PINELLAS PARK — Alice and Don Morris are known across the globe for their extensive expertise on trains.
So it might be a bit surprising that their retirement plans don't include riding trains to explore North America. Instead, they plan to fly and sail.
They're not leaving anytime soon. They have to wait until they sell their iconic business, H&R Trains, and the real estate it sits on.
"We've had a lot of fun," Don Morris said. "We'll miss it, but it's time."
It's an unexpected development for a 38-year-old business whose innovations and creativity have brought it an international reputation as the go-to place for model train collectors who shop on the company website, hrtrains.com, and visit in person.
"If it weren't for Alice, this industry would have gone away a long time ago," Morris said of his wife.
H&R was the first U.S. retailer, for example, to carry "garden trains," larger models (about the size of a loaf of bread) that collectors set up and run in their yards, Morris said. Also known as large-scale trains, many have the smoke, sounds and appearance of real trains.
"A lot of things Alice has done here were firsts," he said. "She continues to find new ideas."
Mrs. Morris isn't the only one to contribute to the industry. Don Morris also creates products for people who want them but can't find them elsewhere. One such product was a simulated brick or stone culvert used as scenery in train setups. A customer described what he wanted, Morris said, "and by morning, he had it."
Retirement isn't likely to happen quickly. H&R has been "quietly" for sale for the past five years but the Morrises decided about a month ago to make the news more public.
The goal, Mrs. Morris said, is to find someone who has the funds and fortitude to keep the business going and who has "a passion for the trains and a passion for the customer."
"Yes, it's for sale," she said. "We're not going to go away. It's an opportunity for the right person. I'm not going to close my door. If it doesn't sell, I'm still going to be here because I have to eat."
They're willing to help by providing advice and expertise. They're also willing to sell the business separately from the real estate. They fear that having a buyer bear the burden of paying for both the business and the property at one time would make it too hard to survive. H&R itself brings in about $1 million a year, the Morrises said. The 0.85-acre property at 6901 U.S. 19 N has an assessed value of about $313,000, according to Pinellas County Property Appraiser records.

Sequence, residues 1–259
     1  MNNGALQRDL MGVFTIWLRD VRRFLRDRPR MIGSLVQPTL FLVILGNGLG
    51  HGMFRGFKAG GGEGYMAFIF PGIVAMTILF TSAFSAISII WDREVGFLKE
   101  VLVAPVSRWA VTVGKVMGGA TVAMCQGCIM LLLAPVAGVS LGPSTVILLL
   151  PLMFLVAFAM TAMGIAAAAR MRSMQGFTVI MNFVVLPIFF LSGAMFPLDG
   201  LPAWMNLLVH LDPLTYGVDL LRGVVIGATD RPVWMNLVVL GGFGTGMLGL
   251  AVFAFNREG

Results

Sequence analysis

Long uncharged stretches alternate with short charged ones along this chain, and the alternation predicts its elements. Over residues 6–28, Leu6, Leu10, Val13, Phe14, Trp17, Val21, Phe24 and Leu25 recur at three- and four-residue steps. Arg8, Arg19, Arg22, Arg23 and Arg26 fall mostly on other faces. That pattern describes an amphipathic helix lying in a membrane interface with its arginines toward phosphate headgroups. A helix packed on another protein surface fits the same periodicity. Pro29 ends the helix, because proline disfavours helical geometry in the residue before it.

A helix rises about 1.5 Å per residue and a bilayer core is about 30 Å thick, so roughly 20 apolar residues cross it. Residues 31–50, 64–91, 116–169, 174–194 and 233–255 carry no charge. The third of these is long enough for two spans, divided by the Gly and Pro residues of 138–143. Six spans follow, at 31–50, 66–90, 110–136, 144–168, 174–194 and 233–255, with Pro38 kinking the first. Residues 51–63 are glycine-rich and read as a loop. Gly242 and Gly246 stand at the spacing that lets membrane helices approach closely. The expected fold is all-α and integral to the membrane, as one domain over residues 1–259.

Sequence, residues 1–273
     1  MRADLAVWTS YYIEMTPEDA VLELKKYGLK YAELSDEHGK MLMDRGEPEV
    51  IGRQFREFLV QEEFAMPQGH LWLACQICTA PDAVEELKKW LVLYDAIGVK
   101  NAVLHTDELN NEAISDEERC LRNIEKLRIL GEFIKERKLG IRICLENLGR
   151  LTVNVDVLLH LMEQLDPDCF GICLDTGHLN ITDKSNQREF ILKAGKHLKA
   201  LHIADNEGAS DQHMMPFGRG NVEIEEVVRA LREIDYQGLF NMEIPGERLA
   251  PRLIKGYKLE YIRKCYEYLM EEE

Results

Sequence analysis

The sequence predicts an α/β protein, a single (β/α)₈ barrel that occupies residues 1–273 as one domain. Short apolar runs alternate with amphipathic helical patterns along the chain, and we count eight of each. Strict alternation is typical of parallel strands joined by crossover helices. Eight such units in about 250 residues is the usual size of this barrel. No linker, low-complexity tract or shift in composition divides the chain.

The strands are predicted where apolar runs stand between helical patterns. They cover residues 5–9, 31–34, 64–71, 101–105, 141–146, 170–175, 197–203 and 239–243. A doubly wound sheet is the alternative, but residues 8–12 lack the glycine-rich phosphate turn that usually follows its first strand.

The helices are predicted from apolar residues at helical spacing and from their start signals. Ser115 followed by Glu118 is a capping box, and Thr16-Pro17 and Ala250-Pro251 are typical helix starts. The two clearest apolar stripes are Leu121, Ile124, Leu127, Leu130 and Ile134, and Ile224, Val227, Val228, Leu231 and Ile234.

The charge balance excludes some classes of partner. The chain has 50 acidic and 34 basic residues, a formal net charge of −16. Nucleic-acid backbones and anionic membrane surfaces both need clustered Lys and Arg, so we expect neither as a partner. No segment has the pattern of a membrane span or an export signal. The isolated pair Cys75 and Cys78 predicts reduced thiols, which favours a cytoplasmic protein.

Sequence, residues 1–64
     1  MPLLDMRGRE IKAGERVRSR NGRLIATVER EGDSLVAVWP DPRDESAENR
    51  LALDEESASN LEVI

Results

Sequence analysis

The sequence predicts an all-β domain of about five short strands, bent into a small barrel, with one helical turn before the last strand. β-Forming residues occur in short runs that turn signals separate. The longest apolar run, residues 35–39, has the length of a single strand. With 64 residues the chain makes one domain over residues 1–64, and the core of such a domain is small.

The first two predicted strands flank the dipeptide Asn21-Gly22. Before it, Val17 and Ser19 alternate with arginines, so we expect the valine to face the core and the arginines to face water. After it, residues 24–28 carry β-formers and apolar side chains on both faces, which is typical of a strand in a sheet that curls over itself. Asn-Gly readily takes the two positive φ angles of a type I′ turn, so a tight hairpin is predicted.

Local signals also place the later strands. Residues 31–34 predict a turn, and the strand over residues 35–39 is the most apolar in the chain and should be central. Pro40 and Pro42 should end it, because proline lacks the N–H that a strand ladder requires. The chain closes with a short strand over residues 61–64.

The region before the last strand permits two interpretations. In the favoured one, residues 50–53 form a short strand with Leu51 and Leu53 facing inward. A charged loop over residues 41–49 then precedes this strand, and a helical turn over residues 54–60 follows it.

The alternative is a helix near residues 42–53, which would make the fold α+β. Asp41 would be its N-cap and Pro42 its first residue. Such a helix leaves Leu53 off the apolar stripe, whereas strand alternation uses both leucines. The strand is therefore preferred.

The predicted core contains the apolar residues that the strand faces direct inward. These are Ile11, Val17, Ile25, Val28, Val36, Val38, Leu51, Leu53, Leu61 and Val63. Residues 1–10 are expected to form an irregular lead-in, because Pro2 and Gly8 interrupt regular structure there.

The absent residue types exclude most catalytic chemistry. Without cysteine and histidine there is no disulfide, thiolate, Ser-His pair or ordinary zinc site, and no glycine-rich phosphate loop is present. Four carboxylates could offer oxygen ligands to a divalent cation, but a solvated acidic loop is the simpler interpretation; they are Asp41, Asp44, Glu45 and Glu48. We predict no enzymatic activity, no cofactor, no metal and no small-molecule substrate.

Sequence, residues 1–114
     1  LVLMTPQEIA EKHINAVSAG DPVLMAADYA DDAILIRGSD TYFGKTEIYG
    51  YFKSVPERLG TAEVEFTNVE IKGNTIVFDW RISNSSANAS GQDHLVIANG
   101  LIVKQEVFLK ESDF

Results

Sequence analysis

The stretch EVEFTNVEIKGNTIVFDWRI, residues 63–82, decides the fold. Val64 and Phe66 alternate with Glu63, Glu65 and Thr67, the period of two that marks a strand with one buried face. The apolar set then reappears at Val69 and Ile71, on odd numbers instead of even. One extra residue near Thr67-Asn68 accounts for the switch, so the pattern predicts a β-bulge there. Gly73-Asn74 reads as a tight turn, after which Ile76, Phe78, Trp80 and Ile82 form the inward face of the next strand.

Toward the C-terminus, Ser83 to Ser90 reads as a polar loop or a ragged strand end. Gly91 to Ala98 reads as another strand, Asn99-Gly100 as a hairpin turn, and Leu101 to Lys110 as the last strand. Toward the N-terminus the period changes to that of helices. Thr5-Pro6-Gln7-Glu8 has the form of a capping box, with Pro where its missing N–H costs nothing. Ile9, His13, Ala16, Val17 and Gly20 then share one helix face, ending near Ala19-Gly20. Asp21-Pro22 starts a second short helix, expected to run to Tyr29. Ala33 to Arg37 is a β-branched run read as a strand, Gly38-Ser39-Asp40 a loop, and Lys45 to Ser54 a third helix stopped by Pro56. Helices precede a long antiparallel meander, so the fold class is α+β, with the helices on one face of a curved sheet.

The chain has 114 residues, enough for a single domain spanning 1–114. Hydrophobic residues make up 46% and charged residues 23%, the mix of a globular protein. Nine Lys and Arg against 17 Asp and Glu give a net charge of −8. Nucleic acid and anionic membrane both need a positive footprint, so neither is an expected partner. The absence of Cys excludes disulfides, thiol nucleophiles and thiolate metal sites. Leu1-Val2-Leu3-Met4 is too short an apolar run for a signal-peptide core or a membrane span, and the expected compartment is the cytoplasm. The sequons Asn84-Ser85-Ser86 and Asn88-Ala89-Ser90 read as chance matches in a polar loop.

Mrs. Morris, who became interested in trains as a child, founded H&R about 38 years ago in a corner of a McCrory's five-and-dime store in what was then the Gateway Mall. She sold out so quickly, the store manager loaned her $1,000 to replenish her stock and open a train department in the store. A year or so later, she opened her own store elsewhere in the mall.
She and her husband met because of the store. He was a train enthusiast.
"We struck up a friendship and that led to other things," he said.
They bought the Pinellas Park location in 1984 for $214,000.
The store is now the largest model train store in Florida and the second largest in the United States, they said. They ship worldwide and have well-known customers who include Burt Reynolds, former Buccaneer Warren Sapp, members of Mannheim Steamroller and Sally Jesse Raphael. The late Gary Coleman was also a client. It's not unusual to see a cab or limousine waiting outside while a collector from elsewhere shops.
The business is not simply a store.
It's also a model train complex with an outdoor garden railroad, a research library and learning center with DVDs and video tapes on both prototype and model railroad subjects as well as books and magazines dating from 1939. The library has a computer design station so customers can design their own models.
Not only do the Morrises create parts and scenery, they also install and service the installations. And they've been e-tailing for many years. They have activities for children and two train shows a year that draw collectors from around the globe.
But, with both in their 70s, they say it's time to retire and spend time together. It's an idea they began to take seriously about five years ago.
"I had a bad day," Mrs. Morris said.
Don Morris said his wife told him, "I want to go fishing. (I said) 'Alice, you don't fish, what's wrong?' "
Mrs. Morris laid out her idea: Get in Putsy, their single-engine Mooney plane, fly east, turn left at the Atlantic and go north. Land whenever something looks interesting. When they reach Newfoundland, turn left again and do the same thing. Then, turn left at Alaska and fly down the West Coast. Then left again and come back.
After that, Mrs. Morris said, she wants to go sailing.
Anne Lindberg can be reached at alindberg@ tampabay.com or (727) 893-8450.